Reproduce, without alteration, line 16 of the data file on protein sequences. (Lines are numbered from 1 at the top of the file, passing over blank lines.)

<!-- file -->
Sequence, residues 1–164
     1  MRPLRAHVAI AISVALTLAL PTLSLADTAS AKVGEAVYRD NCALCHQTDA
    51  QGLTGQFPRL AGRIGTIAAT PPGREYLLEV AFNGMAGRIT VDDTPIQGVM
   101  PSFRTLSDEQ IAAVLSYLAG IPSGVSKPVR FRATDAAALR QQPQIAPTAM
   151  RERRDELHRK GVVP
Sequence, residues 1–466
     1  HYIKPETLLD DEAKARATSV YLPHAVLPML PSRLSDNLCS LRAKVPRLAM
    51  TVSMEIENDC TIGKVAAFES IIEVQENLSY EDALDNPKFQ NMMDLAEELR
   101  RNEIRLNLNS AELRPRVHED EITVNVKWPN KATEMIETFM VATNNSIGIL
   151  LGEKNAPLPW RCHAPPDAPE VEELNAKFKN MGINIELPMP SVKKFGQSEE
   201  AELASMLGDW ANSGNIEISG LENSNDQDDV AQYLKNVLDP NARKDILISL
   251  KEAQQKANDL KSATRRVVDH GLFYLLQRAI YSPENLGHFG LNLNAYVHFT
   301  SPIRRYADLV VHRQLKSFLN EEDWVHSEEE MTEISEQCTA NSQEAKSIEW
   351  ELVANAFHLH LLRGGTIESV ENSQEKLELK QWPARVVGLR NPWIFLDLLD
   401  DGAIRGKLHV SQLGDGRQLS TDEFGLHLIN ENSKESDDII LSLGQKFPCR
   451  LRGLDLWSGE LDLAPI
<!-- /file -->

   451  LRGLDLWSGE LDLAPI